Should the proposed subdivision be filed with the municipal Planning Board, municipal Zoning Board, municipal Sub-committee and/or County Planning Board? With very few (and rare) exceptions, all subdivisions must be approved by the governmental agency having jurisdiction. The vast majority of subdivisions are properly filed at the municipal Planning Board. In some cases where the non-conformities are so extreme that a D variance is required (rather than C variances), a municipal Zoning Board may be involved. Some municipalities have sub-committees which will approve minor subdivisions when the proposed lots are conforming, but only if such sub-committees are established by ordinance and they can only approve minor subdivisions where no variances are needed. Although it is not always enforced by municipal Planning Boards for minor subdivisions, technically the County Planning Board is also supposed to review all subdivisions and provide a report within 30 days to the Municipal Agency hearing the subdivision application per NJSA 40:27-6.3. Unless the property is on a County Road, the County Planning Board’s report is really for the Board’s consideration/advice only and its scope of review is also somewhat limited by NJSA 40:27-6.2. The County Planning Board’s failure to provide the report within 30 days is automatically deemed an approval by the County.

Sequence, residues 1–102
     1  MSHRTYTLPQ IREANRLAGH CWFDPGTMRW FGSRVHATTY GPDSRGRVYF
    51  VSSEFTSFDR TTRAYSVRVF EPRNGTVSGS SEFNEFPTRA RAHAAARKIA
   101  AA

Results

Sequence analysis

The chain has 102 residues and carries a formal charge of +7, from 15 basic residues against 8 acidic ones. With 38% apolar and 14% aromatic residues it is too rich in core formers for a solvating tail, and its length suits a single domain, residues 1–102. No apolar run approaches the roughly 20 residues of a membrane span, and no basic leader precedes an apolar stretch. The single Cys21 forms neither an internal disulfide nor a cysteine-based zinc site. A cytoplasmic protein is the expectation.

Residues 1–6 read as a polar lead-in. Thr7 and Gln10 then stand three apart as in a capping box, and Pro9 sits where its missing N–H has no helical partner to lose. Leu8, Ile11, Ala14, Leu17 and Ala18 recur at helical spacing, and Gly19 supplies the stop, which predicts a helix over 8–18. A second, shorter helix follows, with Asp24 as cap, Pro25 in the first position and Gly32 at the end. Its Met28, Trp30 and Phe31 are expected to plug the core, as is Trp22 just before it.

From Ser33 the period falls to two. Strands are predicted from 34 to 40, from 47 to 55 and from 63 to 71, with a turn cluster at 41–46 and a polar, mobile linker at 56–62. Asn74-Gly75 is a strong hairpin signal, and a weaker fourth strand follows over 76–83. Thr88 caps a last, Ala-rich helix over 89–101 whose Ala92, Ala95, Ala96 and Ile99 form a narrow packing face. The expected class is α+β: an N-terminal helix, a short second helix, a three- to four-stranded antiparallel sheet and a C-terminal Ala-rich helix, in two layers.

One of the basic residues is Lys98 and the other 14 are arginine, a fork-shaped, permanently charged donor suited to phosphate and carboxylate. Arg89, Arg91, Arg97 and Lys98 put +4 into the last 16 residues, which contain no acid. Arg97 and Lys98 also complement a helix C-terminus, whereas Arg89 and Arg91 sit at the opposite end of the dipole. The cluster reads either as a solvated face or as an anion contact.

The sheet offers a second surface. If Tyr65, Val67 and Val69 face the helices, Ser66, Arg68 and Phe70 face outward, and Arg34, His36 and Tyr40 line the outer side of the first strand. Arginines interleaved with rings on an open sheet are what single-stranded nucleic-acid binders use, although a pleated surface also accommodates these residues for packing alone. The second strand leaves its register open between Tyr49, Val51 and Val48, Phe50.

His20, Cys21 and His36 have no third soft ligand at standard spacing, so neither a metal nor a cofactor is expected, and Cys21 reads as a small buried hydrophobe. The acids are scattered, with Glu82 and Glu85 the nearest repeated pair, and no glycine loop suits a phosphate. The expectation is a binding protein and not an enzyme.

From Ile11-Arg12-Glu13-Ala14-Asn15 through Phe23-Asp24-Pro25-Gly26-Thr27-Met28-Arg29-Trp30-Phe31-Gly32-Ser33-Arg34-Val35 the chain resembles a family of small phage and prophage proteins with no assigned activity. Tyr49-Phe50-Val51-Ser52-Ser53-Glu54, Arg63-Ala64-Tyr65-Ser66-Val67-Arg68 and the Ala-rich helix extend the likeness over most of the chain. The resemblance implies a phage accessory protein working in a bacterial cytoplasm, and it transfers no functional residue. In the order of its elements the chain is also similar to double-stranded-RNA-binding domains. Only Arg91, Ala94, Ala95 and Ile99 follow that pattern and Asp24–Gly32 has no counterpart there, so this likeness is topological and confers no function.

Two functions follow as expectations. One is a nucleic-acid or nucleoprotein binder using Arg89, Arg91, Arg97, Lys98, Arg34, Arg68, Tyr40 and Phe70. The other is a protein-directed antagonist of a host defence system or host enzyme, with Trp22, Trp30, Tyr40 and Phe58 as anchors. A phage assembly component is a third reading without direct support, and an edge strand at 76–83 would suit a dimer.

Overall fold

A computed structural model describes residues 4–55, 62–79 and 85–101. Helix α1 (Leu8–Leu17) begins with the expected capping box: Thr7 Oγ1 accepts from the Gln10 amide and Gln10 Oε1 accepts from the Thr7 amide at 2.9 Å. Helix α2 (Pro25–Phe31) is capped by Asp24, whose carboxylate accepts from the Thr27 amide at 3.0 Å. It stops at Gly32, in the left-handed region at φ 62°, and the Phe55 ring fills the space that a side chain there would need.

Making it official. Once the approvals are obtained the subdivision must be recorded by plat or deed within either 95 or 190 days respectively, as discussed above.  If a minor subdivision, a copy of the subdivision deed being recorded must also be served on the municipal engineer and tax assessor per NJSA 4:55D-47. Sometimes the approvals will require other documents to be recorded along with the subdivision such as deed restrictions.

Other considerations.  When subdividing properties that will retain party walls or shared driveways, or require access rights to one another, the recording of mutual maintenance/access easements along with the subdivision is a very good idea to prevent disputes in the future. Doing so increases the marketability of the newly created lots and protects the subdividing owner if he/she is keeping one of the subdivided lots. Even where the owner intends to sell both lots, recording a sensible access/maintenance easement in some circumstances can help him or her getting dragged into future litigation as a witness or worse. Also be aware that certain types of access easements can be created as a matter of law when an owner sub-divides a property, whether they are written and intentional or not. Finally an owner should be aware that property insurance must be updated before the subdivision is recorded, and obviously a new tax assessment will be issued for each lot after it is recorded (usually an increase of some sort on net).